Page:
Uber CEO Dara Khosrowshahi Seeks Early COVID Vaccine Access for Drivers, Bashed on Twitter

Uber boss Dara Khosrowshahi has been criticized after asking for his contract-based drivers to get early access to COVID vaccines.

The CEO of the ride-hailing and food delivery giant confirmed on Thursday that he sent letters to the governors of all U.S. states asking them to classify his drivers as essential workers, meaning they would be higher up the priority list of vaccine recipients.

While distribution is largely being handled at a local and state level, officials have said that healthcare workers and those in higher-risk categories will be first in line.

In a letter to Florida governor Ron DeSantis seen by Reuters, Khosrowshahi pitched the drivers as a "lifeline to their communities" and encouraged the politician to "recognize the essential nature of their work" while drawing up state distribution plans.

In a tweet on Thursday that has since been widely bashed on the social network, the CEO said: "These frontline workers should get the vaccine before people like me."

I’m asking governors in all 50 states + DC to prioritize drivers & delivery people for early vaccine access. 👇 These frontline workers should get the vaccine before people like me. https://t.co/3go676Nz9c

— dara khosrowshahi (@dkhos) December 10, 2020

His appeal did not go down too well, with Khosrowshahi facing a barrage of comments blasting his company's efforts to keep drivers as contractors, not staff.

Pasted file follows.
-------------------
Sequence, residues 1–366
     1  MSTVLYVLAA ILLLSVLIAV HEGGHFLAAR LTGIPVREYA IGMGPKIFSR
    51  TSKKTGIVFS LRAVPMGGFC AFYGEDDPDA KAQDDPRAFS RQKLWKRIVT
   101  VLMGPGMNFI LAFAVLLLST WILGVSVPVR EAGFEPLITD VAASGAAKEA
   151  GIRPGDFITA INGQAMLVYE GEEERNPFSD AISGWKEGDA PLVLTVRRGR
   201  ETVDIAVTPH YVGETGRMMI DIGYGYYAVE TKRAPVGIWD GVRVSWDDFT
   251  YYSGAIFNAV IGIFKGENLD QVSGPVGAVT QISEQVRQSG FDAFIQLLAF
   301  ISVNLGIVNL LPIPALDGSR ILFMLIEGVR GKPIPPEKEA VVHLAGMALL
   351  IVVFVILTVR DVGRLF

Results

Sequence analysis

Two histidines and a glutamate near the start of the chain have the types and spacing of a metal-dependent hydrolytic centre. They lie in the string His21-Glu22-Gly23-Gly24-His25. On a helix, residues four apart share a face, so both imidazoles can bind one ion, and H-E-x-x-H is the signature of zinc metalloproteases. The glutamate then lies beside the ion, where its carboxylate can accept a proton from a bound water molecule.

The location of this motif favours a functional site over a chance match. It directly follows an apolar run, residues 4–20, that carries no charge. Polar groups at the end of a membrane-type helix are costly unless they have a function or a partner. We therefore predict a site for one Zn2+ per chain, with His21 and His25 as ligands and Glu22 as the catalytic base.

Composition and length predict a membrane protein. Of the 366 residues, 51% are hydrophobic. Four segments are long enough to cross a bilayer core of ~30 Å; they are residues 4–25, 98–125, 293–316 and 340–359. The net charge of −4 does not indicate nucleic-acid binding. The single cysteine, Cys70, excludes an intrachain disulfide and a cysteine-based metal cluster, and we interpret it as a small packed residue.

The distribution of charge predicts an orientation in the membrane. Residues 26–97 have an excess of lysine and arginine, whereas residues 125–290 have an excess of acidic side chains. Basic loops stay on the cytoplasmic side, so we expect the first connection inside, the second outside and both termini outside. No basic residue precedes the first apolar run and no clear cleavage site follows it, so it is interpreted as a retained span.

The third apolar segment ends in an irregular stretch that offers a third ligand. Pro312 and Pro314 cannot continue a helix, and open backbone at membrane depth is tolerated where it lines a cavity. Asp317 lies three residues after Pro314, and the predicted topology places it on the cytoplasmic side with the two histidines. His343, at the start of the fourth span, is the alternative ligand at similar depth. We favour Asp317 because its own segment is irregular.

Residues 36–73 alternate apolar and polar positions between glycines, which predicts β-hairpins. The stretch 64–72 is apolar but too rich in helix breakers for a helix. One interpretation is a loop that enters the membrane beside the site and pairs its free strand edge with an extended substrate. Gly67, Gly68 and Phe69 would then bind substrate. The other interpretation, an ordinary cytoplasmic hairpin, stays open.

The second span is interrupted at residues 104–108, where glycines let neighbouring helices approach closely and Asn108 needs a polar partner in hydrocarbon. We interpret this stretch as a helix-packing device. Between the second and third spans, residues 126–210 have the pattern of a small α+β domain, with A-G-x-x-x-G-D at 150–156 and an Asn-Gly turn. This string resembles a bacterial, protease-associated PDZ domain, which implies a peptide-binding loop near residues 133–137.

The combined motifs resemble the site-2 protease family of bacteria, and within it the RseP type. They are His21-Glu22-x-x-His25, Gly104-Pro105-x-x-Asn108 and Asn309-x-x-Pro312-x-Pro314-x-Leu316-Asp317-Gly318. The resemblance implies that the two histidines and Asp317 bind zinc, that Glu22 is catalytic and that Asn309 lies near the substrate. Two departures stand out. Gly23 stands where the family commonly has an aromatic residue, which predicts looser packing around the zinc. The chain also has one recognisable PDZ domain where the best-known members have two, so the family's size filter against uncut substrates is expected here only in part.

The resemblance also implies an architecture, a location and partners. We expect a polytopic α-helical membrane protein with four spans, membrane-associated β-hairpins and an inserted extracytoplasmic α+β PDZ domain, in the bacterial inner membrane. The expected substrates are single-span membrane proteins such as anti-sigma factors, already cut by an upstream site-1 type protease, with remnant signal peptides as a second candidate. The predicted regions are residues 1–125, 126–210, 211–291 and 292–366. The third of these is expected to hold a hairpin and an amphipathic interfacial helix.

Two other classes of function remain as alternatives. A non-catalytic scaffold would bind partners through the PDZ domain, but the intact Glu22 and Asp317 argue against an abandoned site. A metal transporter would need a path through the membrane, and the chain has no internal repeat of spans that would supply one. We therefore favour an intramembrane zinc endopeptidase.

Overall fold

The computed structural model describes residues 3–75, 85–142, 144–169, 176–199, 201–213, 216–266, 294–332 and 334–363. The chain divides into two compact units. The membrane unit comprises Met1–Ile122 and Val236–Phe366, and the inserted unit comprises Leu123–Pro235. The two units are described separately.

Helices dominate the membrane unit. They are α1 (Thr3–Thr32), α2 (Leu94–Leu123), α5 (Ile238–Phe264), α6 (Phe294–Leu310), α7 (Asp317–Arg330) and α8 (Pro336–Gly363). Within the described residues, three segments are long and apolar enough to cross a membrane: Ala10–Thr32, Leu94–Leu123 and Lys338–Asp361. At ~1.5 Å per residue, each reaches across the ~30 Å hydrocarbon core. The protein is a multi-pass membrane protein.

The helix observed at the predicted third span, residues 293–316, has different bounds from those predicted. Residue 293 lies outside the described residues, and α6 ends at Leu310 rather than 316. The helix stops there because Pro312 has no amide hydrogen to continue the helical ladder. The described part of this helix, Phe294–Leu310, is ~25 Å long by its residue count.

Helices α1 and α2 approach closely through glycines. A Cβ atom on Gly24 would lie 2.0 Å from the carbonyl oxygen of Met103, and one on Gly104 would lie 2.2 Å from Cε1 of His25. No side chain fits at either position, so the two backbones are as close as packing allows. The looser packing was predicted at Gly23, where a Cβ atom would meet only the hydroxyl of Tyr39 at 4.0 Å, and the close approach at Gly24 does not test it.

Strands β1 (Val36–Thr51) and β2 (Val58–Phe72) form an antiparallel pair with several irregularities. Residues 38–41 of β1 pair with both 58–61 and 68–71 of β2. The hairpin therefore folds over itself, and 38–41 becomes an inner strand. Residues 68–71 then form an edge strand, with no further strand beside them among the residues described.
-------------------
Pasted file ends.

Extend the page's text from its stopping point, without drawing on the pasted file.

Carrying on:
"You can't pay a living wage, while you, [executives] and early shareholders make more than enough to offset shot costs. But you can ask for shots so you all can ensure the minions keep that revenue going," wrote Twitter user Michael DeKort.

"Hey remember when you spent many, many millions of dollars to avoid giving those same EMPLOYEES health insurance? It was last month," said user @T_nels.

In November, an Uber-backed lobbying campaign against a ballot measure in California called Proposition 22 ended with voters passing a motion that exempts ride-hailing and app-based delivery companies from classifying their drivers as full employees.

App firms including Uber, Lyft and DoorDash—who would have faced a radical shake up of their business model if California voters decided they had to stop classifying drivers as contractors—helped to pour more than $205 million into "Yes on 22" efforts.

As reported, independent drivers enjoy flexibility but are not entitled to benefits such as healthcare, unemployment insurance, minimum wage and overtime pay.

As expected, a majority of the responses to Khosrowshahi's tweet focused on his firm's treatment of its drivers, which has helped to sustain the "gig economy" industry.

Dara Khosrowshahi Twitter Responses
Dara Khosrowshahi received a barrage of Twitter responses to his tweet. Twitter/Screenshot/@dkhos

Uber—which has a market capitalization of more than $95 billion as of today—has been contacted by Newsweek for comment about the vaccine request letters.

The company has around 236,000 drivers working in Florida amid the COVID pandemic. The state has over one million licensed healthcare professionals and expects to initially secure between 500,000 to one million doses of a vaccine.

According to WJCT, Khosrowshahi wrote in his letter to state governors: "Over the last nine months, these workers have been a lifeline to their communities.

"They have transported healthcare workers to hospitals, delivered food to people socially distancing at home, and helped local restaurants stay in business.

"As you finalize your state-level allocation and distribution plans, I encourage you to recognize the essential nature of their work. I want to ensure these individuals can receive immunizations quickly, easily and for free, and I offer Uber's assistance."

Dara Khosrowshahi
Dara Khosrowshahi, CEO, Uber, speaks onstage during the 2019 Concordia Annual Summit on September 24, 2019 in New York City. Khosrowshahi has been criticized on social media after appealing for his contract-based drivers to get early access to COVID vaccines. Riccardo Savi/Concordia Summit/Getty